Who is still interested in Afghanistan? After the war broke out with full force in Eastern Europe, the Hindu Kush, where our freedom supposedly had to be defended, moves even further away. A few months after the USA and with them the Germans left the country and its people in August 2021 and left them to the Taliban, Afghanistan has also largely disappeared from the Western media. Unless, of course, it is worth mentioning that the Taliban have taken back rights for women, such as the recent closure of secondary schools for girls and the recent veil ban.
How good that Martin Gerner’s photo book “Finding Afghanistan” has just been published, a selection of his photos that he took between 2001 and 2021. At the time, then, when “the West” was waging war against extremists with many soldiers and at the same time trying to support the Afghans in building a democratic, forward-looking state. That failed miserably. for now.
Martin Gerner’s pictures pick up exactly where the war and catastrophe reporting stops: with people’s everyday lives, at eye level with them. Gerner, who has lived in Afghanistan for more than four years, is a freelance journalist and has trained young Afghans as journalists as part of an international project. And he attaches great importance to the fact that he didn’t work “embedded” like most western journalists, but was “lucky enough” to travel around the country without military escort.
His contacts with the population and in particular with Afghan journalists and photographers inspired him to include their perspective in his work. This is probably one of the reasons why many of his photos are characterized by confidence, hope and empathy. They show that in a country at war there can also be joy; where there are children doing their homework on the dusty floor, but also students in the air-conditioned lecture hall of a private university; instead of picturesque wrinkled men’s faces under the turban, Gerner shows the knowing face of Kunduz’s longest-serving police officer – just that she existed at all is a surprise.
“Perceiving and enduring the simultaneity of extremes seems fundamental to our understanding of the country and the people,” Gerner writes. There is the international football match between Afghanistan and Pakistan, where a man with a Kalashnikov is standing behind the goal.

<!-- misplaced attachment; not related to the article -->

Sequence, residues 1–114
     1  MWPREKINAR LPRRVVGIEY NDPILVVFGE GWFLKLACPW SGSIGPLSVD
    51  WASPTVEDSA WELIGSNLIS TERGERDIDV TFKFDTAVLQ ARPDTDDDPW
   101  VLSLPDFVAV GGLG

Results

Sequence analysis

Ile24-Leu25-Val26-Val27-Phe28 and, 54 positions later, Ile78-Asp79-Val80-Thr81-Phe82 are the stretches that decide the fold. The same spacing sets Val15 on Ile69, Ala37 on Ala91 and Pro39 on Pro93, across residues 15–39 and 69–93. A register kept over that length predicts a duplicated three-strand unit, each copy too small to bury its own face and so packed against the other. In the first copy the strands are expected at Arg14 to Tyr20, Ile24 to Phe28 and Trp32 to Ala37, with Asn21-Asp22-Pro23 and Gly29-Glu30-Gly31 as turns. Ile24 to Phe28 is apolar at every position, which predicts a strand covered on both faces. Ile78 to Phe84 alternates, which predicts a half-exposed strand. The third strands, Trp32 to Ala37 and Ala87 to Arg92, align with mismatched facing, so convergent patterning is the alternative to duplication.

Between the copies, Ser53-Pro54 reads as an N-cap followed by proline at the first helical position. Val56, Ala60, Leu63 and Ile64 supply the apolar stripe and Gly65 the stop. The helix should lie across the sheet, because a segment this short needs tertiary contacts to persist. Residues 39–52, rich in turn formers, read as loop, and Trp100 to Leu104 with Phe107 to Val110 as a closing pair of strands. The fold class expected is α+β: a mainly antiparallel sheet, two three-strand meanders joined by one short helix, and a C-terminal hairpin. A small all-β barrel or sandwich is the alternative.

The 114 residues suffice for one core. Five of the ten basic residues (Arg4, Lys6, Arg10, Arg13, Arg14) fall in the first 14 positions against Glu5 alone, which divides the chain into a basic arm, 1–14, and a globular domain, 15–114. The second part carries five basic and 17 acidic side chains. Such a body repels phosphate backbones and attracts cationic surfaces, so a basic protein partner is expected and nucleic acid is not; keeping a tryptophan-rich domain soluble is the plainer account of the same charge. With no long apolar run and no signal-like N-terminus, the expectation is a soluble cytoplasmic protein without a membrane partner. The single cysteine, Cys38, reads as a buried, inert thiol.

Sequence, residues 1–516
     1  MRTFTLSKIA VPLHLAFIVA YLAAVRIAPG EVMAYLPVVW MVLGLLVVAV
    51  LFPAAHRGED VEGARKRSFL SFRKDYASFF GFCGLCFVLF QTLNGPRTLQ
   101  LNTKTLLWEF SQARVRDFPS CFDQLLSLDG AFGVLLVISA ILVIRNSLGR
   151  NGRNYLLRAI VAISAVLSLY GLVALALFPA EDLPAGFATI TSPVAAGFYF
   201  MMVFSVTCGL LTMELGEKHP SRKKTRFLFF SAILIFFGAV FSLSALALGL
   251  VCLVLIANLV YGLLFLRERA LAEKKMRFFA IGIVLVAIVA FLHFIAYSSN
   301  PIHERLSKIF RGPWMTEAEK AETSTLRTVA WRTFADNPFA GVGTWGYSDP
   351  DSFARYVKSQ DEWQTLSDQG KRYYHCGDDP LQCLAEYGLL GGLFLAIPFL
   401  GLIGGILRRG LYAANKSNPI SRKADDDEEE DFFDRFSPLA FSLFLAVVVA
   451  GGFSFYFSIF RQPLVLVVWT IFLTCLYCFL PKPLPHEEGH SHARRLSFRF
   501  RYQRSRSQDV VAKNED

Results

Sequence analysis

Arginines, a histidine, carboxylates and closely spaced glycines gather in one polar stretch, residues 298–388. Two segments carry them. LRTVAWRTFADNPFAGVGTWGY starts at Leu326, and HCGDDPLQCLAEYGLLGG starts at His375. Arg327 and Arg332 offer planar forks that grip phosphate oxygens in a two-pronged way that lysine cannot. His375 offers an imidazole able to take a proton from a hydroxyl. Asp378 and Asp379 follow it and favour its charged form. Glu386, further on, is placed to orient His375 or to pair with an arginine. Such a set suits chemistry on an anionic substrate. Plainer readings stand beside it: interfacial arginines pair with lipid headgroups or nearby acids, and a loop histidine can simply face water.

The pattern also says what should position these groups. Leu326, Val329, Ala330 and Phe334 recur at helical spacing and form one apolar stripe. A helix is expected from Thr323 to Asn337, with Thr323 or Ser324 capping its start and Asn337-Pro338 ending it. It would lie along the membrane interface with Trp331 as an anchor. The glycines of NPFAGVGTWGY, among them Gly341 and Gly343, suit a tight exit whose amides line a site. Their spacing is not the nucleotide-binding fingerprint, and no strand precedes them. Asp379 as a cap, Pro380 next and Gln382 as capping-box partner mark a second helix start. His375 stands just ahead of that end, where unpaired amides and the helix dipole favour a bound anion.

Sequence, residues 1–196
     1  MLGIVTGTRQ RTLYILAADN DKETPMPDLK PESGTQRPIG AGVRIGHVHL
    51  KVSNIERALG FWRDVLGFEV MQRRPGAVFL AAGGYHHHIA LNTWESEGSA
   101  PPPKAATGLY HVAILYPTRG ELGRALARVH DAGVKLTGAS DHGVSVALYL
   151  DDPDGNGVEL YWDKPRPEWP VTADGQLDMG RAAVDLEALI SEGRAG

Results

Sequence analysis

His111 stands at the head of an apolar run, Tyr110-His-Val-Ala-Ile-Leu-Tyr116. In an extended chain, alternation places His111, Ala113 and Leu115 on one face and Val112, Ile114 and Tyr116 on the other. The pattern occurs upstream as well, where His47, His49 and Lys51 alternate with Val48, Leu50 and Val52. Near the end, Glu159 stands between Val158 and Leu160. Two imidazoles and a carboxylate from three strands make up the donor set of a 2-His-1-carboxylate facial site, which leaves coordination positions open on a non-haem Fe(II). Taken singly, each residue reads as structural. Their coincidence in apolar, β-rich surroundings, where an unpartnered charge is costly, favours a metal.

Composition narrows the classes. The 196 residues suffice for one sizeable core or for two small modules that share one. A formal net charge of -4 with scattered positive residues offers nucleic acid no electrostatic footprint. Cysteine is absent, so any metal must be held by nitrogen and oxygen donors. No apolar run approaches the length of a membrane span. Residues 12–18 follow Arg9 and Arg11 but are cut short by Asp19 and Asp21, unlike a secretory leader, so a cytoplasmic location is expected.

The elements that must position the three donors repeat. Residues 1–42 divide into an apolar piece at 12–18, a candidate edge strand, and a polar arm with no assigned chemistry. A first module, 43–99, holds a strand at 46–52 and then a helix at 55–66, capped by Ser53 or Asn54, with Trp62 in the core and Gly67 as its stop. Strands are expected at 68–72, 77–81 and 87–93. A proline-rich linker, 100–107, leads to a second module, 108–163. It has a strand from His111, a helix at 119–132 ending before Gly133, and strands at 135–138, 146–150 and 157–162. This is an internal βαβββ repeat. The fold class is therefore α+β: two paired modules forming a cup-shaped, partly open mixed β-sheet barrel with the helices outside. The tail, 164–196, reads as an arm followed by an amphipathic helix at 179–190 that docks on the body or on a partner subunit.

And while day laborers have to split stones all day long, a happy little girl in kindergarten practices voting; Chinese motorcycles parked by a beautiful lake near Bamiyan show us how and where some Afghans spend their free time. The photographer is also concerned with showing more shades of gray instead of just black and white.
The pictures are supplemented by transcripts of conversations with Afghans, whom Gerner interviewed before and after the Taliban took power. There is the human rights activist, the theater director, a blogger, the university professor and the actress. Against all odds, they sounded confident ahead of 2021. “We can build something, a different heritage than that of our parents,” activist Shaharzad Akbar was convinced – before the Taliban came. She saw development primarily in education and through networking. On the occasion of a controversial discussion with other women about Muslim women’s clothing such as the hijab, she wrote: “The most important thing about the discussion was that we Muslims learn to argue openly with each other.”
She now lives in exile, like most of Gerner’s interviewees. And for most of them, sadness and anger determine their feelings about being handed over to the Taliban, about being forced into exile. When they wanted to change their home country for the better. Despite the currently poor prospects for Afghanistan, many of them remain hopeful: the puppeteer, that one day he will be able to open his hidden box with the puppets again and parade through the villages with them. The activist also wants to go back and bases her hope on the “resilience of Afghan women”.